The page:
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The Merlion and Mt. Fuji

50 Years of Singapore–Japan Relations

Tai Wei Lim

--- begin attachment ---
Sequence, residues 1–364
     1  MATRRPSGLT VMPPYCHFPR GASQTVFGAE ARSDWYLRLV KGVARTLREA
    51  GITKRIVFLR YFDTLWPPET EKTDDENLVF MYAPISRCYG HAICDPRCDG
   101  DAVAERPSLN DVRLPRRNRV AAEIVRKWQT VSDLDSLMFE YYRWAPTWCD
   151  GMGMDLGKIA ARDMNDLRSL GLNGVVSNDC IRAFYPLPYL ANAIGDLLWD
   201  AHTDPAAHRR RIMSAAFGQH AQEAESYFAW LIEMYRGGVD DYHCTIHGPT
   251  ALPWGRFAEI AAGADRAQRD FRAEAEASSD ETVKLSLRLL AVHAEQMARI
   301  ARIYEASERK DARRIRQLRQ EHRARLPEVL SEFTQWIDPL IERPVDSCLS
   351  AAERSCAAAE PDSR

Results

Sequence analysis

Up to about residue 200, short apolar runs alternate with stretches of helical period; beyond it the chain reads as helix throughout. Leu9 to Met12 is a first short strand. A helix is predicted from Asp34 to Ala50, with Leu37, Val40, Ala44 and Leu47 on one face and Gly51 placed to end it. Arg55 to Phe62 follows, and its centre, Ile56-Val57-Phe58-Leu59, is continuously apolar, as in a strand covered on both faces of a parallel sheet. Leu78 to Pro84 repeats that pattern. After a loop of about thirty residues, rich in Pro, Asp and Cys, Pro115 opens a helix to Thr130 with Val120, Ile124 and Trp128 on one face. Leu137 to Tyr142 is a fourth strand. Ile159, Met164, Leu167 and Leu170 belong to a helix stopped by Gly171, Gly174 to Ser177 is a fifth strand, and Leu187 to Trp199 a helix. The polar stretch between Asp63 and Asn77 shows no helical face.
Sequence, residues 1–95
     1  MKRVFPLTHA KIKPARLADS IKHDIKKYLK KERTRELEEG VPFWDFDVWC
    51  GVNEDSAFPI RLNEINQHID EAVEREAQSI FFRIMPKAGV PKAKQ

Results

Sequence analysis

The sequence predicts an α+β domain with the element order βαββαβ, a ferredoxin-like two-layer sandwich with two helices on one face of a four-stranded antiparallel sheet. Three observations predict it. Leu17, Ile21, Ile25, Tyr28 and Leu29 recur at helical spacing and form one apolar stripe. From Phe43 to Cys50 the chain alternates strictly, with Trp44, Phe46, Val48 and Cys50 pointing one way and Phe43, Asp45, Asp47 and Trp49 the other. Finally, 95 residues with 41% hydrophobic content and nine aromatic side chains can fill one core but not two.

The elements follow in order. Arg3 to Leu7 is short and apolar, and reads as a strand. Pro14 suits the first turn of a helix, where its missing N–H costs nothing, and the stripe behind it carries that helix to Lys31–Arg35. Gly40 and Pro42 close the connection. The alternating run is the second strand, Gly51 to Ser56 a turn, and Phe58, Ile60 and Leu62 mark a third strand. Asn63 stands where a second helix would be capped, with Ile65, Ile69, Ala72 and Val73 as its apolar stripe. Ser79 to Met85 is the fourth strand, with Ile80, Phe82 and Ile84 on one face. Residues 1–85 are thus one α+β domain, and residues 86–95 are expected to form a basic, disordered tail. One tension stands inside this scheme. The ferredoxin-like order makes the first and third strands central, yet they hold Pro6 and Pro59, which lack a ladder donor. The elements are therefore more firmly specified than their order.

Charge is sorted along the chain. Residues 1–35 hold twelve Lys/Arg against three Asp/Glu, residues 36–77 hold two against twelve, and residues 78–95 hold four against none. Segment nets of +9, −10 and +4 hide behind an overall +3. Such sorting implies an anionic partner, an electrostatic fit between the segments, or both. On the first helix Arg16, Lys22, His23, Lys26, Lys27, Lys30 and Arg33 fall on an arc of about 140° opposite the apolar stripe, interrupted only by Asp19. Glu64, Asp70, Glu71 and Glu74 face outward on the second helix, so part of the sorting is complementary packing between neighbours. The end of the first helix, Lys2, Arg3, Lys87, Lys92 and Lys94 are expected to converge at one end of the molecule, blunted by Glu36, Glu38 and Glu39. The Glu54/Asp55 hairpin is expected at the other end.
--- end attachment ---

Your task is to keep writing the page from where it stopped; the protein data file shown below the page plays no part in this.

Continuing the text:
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Anime, Manga, Sushi, Teriyaki, J-pop, Harajuku fashion ... these are just some of the cultural exports from Japan that the rest of the world have embraced and Singapore is one of Japan's biggest fans. Singaporeans have benefited not just by being a consumer of the many technological advances from Japan (Mitsubishi, Toyota, Honda, Panasonic, and Sony to name a few) but also shared and learnt through economic, political, and intellectual exchanges over the past 50 years since the start of the bilateral ties between these two nations.In 1868, Japan was the first East Asian country that underwent rapid modernization and its development was shared with Singapore from the 1970s onwards as the Japanese growth model was selectively emulated by the Four Asian Tigers (Hong Kong, Singapore, South Korea, and Taiwan). Currently, as the most advanced economies in Southeast and Northeast Asia respectively, Singapore and Japan will continue to be demonstrative case studies of economic development in the region. There are similarities too between these two countries: an aging population, changing geopolitical realities, mature economies, and environmental challenges. The Merlion and Mt. Fuji is not just a historical account of the bilateral cooperation but also includes honest narratives on what it is like being a Singaporean student on exchange in Japan, an anime and manga fan outside of Japan, and some omotenashi appreciation.Contents:Foreword;About the Author;Introduction;Political Exchanges;Economic Cooperation between Singapore and Japan;A Survey of Japanese Management in Singapore (Kong Tuan Yuen);Japan's Corporate Sector: Perspectives from a University Student (Aomi Poh Ming Ying);Hello, Mr Isetan: Reminiscences of Childhood Wonder (Janice Kam Foong);Introduction to the Japanese Food and Business Sector: A Foodie's Perspective (Soh Hui Shi);Social Exchanges;Singapore-Japan Exchange Programs: Japan Encapsulated in a Singaporean View (Hilda Tan);Tourism and Travels;Cultural Exchanges between Singapore and Japan;Centering Akihabara: The Positionality of Tokyo's Pop-Cultural Nucleus in Cool Japan Industries and Globalized Fandom Consumption;The Creative Economy in Japan;Japanese Popular Culture from the Perspective and Opinions of a Fan Living in South East Asia (Yeo Kai Yeat);Another Fan Perspective: The Japanese ACG (Anime, Comics, Games) Popular Cultural Products (Sim Zhi Ya);Perspective from a Passionate Consumer of Japanese Pop Culture (Alvin Teo);Conclusion;Readership: Although academic in research, the context of the volume would also interest general readers, who are comfortable with historical facts and figures, and students taking Japanese or Oriental studies. Singapore, Japan, Singapore–Japan, International Relations, Culture, Japanese Culture, Anime, Manga, Bilateral TiesIt has an academic approach to examining bilateral ties between the two countries in an objective manner by relying on sources generated by both countries' stakeholders in the bilateral relationshipIt can potentially serve as an important reference for the large numbers of individuals in both countries responsible or have played a part in contributing to a bilateral relationship that have the hallmarks of contributing to regional peace, economic development and cultural diversity